In the U.S. context, we often hear laments about the decline of Christianity, how younger generations are walking away from faith and about our culture’s increasing embrace of immorality. If we hear such stories of doom and gloom enough, perhaps we start to believe them. But what if there’s more to the story?
Last month, I attended the annual gathering of the Baptist World Alliance. It’s inspiring and convicting to hear Baptists from nearly 50 nations testify about their work and their challenges. One cannot stay at such gatherings long before realizing that God is at work in the world. Rather than accept the stories of decline — which can become a self-fulfilling prophecy — we should instead press forward with a spirit of biblical hopefulness.
Here are some statistics that capture the big picture. While BWA Baptists in North America have declined over the past 25 years and those in Europe have plateaued, we see a global revival in other regions. BWA General Secretary Elijah Brown explained why he’s excited about what’s happening right now among Baptists globally.
“In the 400 years of the Baptist movement, the last 25 years have seen the greatest expansion of the Baptist faith around the world — unprecedented growth,” Brown said. “In the last 25 years, Baptists in the Caribbean have grown 76 percent, in Asia-Pacific they’ve grown 119 percent, in Latin America 190 percent and in the last 25 years, Baptists in Africa have grown 800 percent. And the good news? In many of these areas, the revival is just beginning.”
What Brown noted in overall statistics matches what I’ve seen firsthand in numerous contexts, such as among Baptists in Cuba, Guatemala, India and Turkey. Baptists are planting new churches, sometimes so quickly that there’s a critical need for more pastors with theological training. Even in contexts of persecution — like in Turkey — Baptists are baptizing new believers and planting new churches. If there, why not here? If them, why not us?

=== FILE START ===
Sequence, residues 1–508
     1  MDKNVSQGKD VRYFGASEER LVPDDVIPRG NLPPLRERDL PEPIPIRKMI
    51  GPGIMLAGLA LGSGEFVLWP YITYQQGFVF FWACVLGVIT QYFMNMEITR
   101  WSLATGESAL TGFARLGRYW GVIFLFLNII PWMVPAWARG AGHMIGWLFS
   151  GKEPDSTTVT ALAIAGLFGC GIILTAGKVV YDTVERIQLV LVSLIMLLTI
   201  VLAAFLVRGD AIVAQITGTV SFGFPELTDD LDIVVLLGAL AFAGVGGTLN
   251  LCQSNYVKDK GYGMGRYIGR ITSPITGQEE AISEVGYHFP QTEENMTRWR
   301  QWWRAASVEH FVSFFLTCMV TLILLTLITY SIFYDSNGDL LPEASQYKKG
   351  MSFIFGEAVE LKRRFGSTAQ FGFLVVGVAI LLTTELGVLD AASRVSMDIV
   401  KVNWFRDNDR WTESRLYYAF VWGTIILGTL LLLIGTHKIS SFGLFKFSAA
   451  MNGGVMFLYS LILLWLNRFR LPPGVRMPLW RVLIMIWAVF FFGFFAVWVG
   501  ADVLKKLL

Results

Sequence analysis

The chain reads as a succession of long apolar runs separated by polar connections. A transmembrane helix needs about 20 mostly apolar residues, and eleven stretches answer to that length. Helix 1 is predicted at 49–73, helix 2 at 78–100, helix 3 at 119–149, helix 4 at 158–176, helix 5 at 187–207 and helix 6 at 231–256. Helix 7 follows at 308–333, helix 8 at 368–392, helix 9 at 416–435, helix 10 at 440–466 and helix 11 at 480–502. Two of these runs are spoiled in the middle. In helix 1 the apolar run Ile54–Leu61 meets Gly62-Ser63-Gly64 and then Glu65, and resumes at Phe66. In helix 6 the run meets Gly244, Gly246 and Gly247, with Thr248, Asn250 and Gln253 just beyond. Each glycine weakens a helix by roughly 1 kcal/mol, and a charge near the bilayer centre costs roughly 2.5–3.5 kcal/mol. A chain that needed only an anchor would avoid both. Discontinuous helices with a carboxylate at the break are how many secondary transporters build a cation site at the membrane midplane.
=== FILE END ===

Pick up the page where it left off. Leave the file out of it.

Those of us in the U.S. should pay attention. We need to pray for the faithful witness of our Baptist brothers and sisters, that God would continue to bless their ministries and fuel their zeal. And we need to support them, not to direct their effort but to join hands where God is already working.
But beyond praying and supporting, we also need to listen. As Brown noted, “The BWA is critical for Baptists in North America who often perceive that their faith community is shrinking.”
That’s why we must remain connected with the global Church. Not for them. They don’t need us to save them for they already have a Savior. (They could, of course, accomplish more with our support as long as we don’t try to take over and mess up their work.) No, we need to remain connected for us.
We need them. We need their passion. We need their faith. We need their hope. To paraphrase Paul in 1 Corinthians 12, “The American cannot say to the feet, ‘I don’t need you!’” God has put us together and, as Paul reminded us, we “should have equal concern for each other.”
If we keep telling ourselves the same story, eventually we believe it and live it out. If we see our faith as dying, we will add to the decline. But if we are willing to see ourselves as part of a greater story — and humbly recognize those in other nations who are leading the way — then that spirit of hopefulness can renew our own passion for missions there and here. That’s the power of hope. Or, as Isaiah reminded us, it is that hope in the Lord that transforms us from fainting while walking to soaring on wings like eagles.
That’s why I agree with the line in the movie “The Shawshank Redemption,” which tells the story of a Joseph-like character wrongly imprisoned and yet a blessing within prison to all who befriend him. That character, Andy Dufresne (played by Tim Robbins), tells his good friend Red (played by Morgan Freeman), “Remember Red, hope is a good thing, maybe the best of things. And no good thing ever dies.”
Brian Kaylor is editor & president of Word&Way.